The 28 children marched into the Riverview Elementary cafeteria Friday, the surprise leaping off their faces as they all saw parents and grandparents clapping and cheering.
Cheering for them.
Riverview is the school that statistics and numbers show is filled with the highest percentage of poor students in the Fort Mill school district.
The ceremony Friday recognized 28 of the school’s students as part of a Kiwanis Club program called “Terrific Kids.” Each class recognizes a terrific kid.
The school called it a celebration, because it was.
Consultants and school officials involved in ongoing discussions about rezoning some Fort Mill elementary students don’t call students from lower-income families “poor.” They’re “free and reduced lunch” students, which means their families’ incomes are low enough to qualify for government school lunch subsidies.
That means their parents work – hard – on their feet all day or night to raise families. Many are the working class of Fort Mill, dreaming of their kids’ success.
Parents of the “free and reduced” lunch kids are white and black and brown. The parents of kids who are not free and reduced lunch are white and black and brown.
It’s unknown how many of the 28 students Friday were “free and reduced.” The smiles were not free or reduced. The cheers were not free and reduced. The joy of parents in work clothes and suits and office clothes was not free and reduced.
“Our students and parents are the greatest anywhere,” Annette Chinchilla, the principal, told the proud parents, who already knew it and were clapping and cheering for their own kids – and every other kid in the room.
But this school concerns some parents in neighboring communities. Some claim that there may not be enough parental support or interaction at Riverview because the parents don’t have the free time or job flexibility to be at the school for field trips and other stuff.
Of 28 students honored Friday, 28 had cheering families.
100 percent participation.
The parents were white and black and brown. They were working class, and some were above working class. All sat together and clapped together because all showed up together.
With 44 percent of its students qualifying for free and reduced lunches, and potentially 51 percent next year, some parents whose students may be rezoned to Riverview worry. They fear, apparently, that Riverview might not be as good as some other schools.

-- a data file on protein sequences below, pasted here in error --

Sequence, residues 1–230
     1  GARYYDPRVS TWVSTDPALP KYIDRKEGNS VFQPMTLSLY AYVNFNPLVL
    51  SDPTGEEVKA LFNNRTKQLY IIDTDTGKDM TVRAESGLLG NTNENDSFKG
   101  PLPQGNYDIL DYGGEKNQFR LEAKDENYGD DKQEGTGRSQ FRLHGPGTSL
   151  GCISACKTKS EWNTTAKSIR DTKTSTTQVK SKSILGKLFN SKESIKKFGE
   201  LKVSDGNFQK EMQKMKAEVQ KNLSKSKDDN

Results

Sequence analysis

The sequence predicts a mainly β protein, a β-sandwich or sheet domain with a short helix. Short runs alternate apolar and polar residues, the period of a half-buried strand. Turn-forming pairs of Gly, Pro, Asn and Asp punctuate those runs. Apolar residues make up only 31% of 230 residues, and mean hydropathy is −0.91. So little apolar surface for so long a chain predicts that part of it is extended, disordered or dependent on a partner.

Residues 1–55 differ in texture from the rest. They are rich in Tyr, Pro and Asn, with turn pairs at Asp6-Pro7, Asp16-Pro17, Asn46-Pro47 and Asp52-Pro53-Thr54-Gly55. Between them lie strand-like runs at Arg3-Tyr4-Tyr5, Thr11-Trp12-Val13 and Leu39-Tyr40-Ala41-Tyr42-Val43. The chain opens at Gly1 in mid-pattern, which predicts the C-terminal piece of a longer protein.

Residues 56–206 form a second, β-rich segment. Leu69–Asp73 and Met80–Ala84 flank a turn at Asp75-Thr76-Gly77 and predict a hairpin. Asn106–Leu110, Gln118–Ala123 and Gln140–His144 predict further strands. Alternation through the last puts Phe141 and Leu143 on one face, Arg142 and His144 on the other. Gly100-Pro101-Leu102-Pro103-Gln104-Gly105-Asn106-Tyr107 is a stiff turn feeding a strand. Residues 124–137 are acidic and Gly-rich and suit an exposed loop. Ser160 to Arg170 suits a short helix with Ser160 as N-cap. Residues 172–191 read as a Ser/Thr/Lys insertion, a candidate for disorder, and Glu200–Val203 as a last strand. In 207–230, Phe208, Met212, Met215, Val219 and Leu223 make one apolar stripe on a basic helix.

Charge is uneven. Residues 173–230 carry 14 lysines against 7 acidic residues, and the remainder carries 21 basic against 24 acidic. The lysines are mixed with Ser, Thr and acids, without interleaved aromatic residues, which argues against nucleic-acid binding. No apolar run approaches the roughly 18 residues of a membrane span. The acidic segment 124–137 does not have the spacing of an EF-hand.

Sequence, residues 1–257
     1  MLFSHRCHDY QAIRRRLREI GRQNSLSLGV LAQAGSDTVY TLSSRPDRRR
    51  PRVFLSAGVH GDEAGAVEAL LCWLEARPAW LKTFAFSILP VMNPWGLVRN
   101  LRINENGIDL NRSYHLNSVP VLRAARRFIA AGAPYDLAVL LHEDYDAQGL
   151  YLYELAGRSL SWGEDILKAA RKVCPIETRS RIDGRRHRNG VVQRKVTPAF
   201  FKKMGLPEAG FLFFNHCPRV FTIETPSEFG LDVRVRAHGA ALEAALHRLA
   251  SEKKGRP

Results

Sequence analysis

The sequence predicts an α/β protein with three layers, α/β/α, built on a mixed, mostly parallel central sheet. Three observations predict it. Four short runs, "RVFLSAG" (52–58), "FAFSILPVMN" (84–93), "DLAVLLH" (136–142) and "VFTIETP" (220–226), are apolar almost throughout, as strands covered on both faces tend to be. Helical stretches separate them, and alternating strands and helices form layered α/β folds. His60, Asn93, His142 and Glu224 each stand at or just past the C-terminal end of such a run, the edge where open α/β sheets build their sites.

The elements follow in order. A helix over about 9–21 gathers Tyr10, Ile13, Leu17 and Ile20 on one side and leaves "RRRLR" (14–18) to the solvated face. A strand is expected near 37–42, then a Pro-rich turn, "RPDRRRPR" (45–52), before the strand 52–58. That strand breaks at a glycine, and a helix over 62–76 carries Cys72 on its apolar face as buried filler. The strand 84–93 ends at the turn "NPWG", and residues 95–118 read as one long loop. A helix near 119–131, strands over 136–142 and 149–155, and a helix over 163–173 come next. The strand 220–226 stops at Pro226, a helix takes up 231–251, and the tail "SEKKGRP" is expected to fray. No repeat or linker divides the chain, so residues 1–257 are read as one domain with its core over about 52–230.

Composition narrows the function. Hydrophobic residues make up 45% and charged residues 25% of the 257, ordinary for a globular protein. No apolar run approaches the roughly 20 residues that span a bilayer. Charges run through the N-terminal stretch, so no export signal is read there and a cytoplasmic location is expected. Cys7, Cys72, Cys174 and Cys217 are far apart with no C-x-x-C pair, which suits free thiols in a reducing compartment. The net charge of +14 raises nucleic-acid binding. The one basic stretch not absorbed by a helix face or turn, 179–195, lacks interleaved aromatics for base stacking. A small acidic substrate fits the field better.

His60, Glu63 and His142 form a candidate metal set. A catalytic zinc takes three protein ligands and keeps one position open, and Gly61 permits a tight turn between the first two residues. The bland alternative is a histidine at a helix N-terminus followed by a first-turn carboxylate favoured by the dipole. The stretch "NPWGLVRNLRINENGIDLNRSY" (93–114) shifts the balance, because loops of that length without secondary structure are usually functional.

Not a single parent of a terrific kid at Riverview had those worries Friday.
Tom and Lori Metz, parents at Riverview, had two kids recognized as terrific Friday: Bryce and Marlee.
The Metz family are not “free and reduced lunch”, or any other name that somebody might give them, except “thrilled.”
“We are actually very relieved that we would not be reassigned,” said Tom Metz.
The Metz family was so worried about leaving this school that they would consider moving to stay at Riverview.
Lori Metz called the teachers and administration “great.”
Another word for that is “terrific.”
Those parents in some other places want a “neighborhood school.” Riverview’s “neighborhood” is almost the whole town of Fort Mill proper plus some other areas, miles away from the school. Many of the kids largely do not come from where the homes are huge. Riverview’s attendance area includes communities where many of the black children in Fort Mill live.
In Fort Mill, like all of America, a higher percentage of black and brown children are poorer than white children.
At least the rezoning debate this year is not as bad as the last Fort Mill elementary rezoning, in 2008, when some parents sent out hundreds of letters claiming that too many free and reduced lunch kids, and minorities, at any elementary school would drive down property values and cause test scores and achievement to plummet.
On Friday, for the parents of 28 terrific kids, the economic and racial diversity of Riverview is just fine.
“What I know about it is the school is great and my son is great,” said Jay Cunningham, the black father of Jalen. “All these kids are great. There isn’t any difference in any of them.”
Of the 28 terrific kids Friday, 12 were black or brown.
The parents of all 28 beamed with pride and joy.
The smiles of all 28 kids lit up the cafeteria with the tiny stage at one end.
Each name came up on a big screen, with a teacher recommendation of why each kid was terrific.
Not one screen said whether the kid was free and reduced lunch or not, black or white or brown. The screen had words such as “great” and “kind” and “respectful.” “Excel” and “leader” and “striving to do his best” came up several times.
When a tiny kindergartener named Nazaira Kirk received her award, her mother and grandmother cried. They both extolled Riverview school.
“This school is just what they said, terrific,” said Danielle Hudson, the mother.
Larry Huntley, a Fort Mill Town Councilman by election, but a grandfather by love, was there for his grandson, Quinton.
“Any family would be lucky to have a child at Riverview,” Huntley said.
Across that stage walked these children: Kylee Crank, Parker Glenn, Nazaira Kirk, Reese Wilson, Jalen Cunningham, Raiden Bronson, Aaliyah Johnson, Ezere Bowie, Elijah Truesdale, Marlee Metz, Daisy Watts, Kaleb Truesdale, Matthew Pearson, Jazmine Williams, Keiandre Jackson, Lily Gorum, Samad Williams, Ronan Wells, Evalyn Larsen, John Cunningham, Blake Exizian, Bryce Metz, Olivia Miles, Ja’Mia Staton, Carson McClimen, Brandon Worthy, Quinton Huntley, and Maria Price.
After the ceremony a mother named April Cunningham, who has three children at the school including one recognized Friday, called Riverview “great and challenging.”
She paused and said: “I think the word to describe these kids today, and this school, is terrific.”
Andrew Dys * 803-329-4065 * firstname.lastname@example.org